March 31, 2003 | Press Release

Non-marital births in eastern Germany in the 1990s - old habits or new family models?

In western Germany, age at first birth and age at marriage have risen since the 1960s, and childlessness has increased dramatically. These two demographic events - marriage and birth of a first child - are, however, still intimately connected. In contrast, the proportion of out-of-wedlock births in the former East Germany was around 33 per cent in 1989. Since socio-political incentives for having children out of wedlock were eliminated with the adoption of the western German system, it was expected that the western German pattern of "child-oriented marriages" would take effect in eastern Germany as well. However, the percentage of people not marrying continued to rise in eastern Germany throughout the 1990s.

With the help of data from the German Micro-Census and the Family Survey of the German Youth Institute we look into the question of whether non marital childbearing in eastern Germany is the result of out-dated GDR patterns of family formation (from communist times) or whether they represent a modernisation of family forms. Above all, we attempt to discover whether that fact that comparatively fewer eastern German couples with children are married has anything to do with the higher rate of employment among women. Our results indicate two different patterns in eastern and western Germany. In the west it is women with a higher level of education and a higher likelihood to be employed who are less apt to be married. In eastern Germany we find no such connections.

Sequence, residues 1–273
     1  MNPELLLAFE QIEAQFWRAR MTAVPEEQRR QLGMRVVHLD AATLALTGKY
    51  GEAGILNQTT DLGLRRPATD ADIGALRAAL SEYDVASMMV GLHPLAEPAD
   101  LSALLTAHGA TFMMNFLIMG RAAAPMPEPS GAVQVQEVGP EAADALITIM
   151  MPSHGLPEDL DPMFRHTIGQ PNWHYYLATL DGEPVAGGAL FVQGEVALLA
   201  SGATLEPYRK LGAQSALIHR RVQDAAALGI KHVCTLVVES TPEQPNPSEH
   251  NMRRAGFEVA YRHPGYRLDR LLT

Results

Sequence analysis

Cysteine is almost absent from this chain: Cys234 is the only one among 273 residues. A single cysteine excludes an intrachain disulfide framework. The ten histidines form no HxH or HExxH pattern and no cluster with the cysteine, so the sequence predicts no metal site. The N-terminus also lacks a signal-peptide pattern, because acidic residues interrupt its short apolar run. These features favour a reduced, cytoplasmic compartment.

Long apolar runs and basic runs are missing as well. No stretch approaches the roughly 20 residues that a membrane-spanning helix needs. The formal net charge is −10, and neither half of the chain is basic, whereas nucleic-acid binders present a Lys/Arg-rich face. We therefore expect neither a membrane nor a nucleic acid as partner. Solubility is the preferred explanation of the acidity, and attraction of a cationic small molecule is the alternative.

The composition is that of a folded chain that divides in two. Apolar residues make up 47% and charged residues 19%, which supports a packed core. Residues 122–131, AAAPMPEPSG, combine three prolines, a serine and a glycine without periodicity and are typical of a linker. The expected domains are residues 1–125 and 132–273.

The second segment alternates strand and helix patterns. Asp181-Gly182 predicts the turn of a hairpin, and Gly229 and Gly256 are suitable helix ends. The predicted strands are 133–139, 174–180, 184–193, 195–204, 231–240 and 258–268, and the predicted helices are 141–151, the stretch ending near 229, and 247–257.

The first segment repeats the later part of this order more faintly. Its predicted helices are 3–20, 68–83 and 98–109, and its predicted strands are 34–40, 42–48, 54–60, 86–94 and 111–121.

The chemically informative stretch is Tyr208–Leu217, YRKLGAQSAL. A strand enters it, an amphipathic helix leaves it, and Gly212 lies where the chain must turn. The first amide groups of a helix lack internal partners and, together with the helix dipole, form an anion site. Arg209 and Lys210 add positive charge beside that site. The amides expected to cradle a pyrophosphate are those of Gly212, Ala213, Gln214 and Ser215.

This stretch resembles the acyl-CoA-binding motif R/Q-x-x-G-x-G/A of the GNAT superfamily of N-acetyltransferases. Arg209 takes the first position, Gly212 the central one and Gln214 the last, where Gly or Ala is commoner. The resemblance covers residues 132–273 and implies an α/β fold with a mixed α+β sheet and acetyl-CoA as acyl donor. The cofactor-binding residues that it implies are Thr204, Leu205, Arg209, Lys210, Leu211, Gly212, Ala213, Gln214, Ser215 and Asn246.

About the MPIDR

The Max Planck Institute for Demographic Research (MPIDR) in Rostock investigates the structure and dynamics of populations. The Institute’s researchers explore issues of political relevance, such as demographic change, aging, fertility, and the redistribution of work over the life course, as well as digitization and the use of new data sources for the estimation of migration flows. The MPIDR is one of the largest demographic research bodies in Europe and is a worldwide leader in the study of populations. The Institute is part of the Max Planck Society, the internationally renowned German research organization.

Publications on this topic:

Konietzka, D. and M. R. Kreyenfeld: Neue Familienformen im konservativen Wohlfahrtsstaat? Der Zusammenhang von Eheschließung und Familiengründung in Ost- und Westdeutschland. In: J. Allmendinger (ed.), Entstaatlichung und soziale Sicherheit, 31. Kongress der Deutschen Gesellschaft für Soziologie, Kongressband II (CD-ROM) (2003 / in print).

Konietzka, D. and M. R. Kreyenfeld: Nichteheliche Geburten in Ostdeutschland in den 90er Jahren - Alte Gewohnheiten oder neue Familienformen? In: Bundesinstitut für Bevölkerungsforschung (ed.): Materialien zur Bevölkerungswisssenschaft (2003 / in print).

Konietzka, D. and M. R. Kreyenfeld: Women's employment and non-marital childbearing: a comparison between East and West Germany in the 1990s. Population (English edition) 57(2002)2, 331-358.

The Max Planck Institute for Demographic Research (MPIDR) in Rostock is one of the leading demographic research centers in the world. It's part of the Max Planck Society, the internationally renowned German research society.